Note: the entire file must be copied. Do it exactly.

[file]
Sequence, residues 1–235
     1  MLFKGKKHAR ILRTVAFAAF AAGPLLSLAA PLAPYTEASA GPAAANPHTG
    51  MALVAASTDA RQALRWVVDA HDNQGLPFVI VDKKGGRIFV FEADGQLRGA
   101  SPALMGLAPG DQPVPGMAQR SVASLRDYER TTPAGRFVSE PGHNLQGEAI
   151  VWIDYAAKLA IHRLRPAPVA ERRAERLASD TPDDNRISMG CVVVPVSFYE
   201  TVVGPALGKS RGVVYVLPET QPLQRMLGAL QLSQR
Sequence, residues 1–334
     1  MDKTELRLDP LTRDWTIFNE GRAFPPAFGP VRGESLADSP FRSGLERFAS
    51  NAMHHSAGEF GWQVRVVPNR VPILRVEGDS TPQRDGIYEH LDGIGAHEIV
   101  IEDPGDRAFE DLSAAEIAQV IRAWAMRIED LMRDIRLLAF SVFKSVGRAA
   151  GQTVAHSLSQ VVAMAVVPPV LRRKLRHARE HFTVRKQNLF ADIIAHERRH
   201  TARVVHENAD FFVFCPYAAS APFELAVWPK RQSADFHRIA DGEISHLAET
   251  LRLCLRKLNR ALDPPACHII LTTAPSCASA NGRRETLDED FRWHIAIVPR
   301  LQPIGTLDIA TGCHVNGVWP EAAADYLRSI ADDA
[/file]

Sequence, residues 1–235
     1  MLFKGKKHAR ILRTVAFAAF AAGPLLSLAA PLAPYTEASA GPAAANPHTG
    51  MALVAASTDA RQALRWVVDA HDNQGLPFVI VDKKGGRIFV FEADGQLRGA
   101  SPALMGLAPG DQPVPGMAQR SVASLRDYER TTPAGRFVSE PGHNLQGEAI
   151  VWIDYAAKLA IHRLRPAPVA ERRAERLASD TPDDNRISMG CVVVPVSFYE
   201  TVVGPALGKS RGVVYVLPET QPLQRMLGAL QLSQR
Sequence, residues 1–334
     1  MDKTELRLDP LTRDWTIFNE GRAFPPAFGP VRGESLADSP FRSGLERFAS
    51  NAMHHSAGEF GWQVRVVPNR VPILRVEGDS TPQRDGIYEH LDGIGAHEIV
   101  IEDPGDRAFE DLSAAEIAQV IRAWAMRIED LMRDIRLLAF SVFKSVGRAA
   151  GQTVAHSLSQ VVAMAVVPPV LRRKLRHARE HFTVRKQNLF ADIIAHERRH
   201  TARVVHENAD FFVFCPYAAS APFELAVWPK RQSADFHRIA DGEISHLAET
   251  LRLCLRKLNR ALDPPACHII LTTAPSCASA NGRRETLDED FRWHIAIVPR
   301  LQPIGTLDIA TGCHVNGVWP EAAADYLRSI ADDA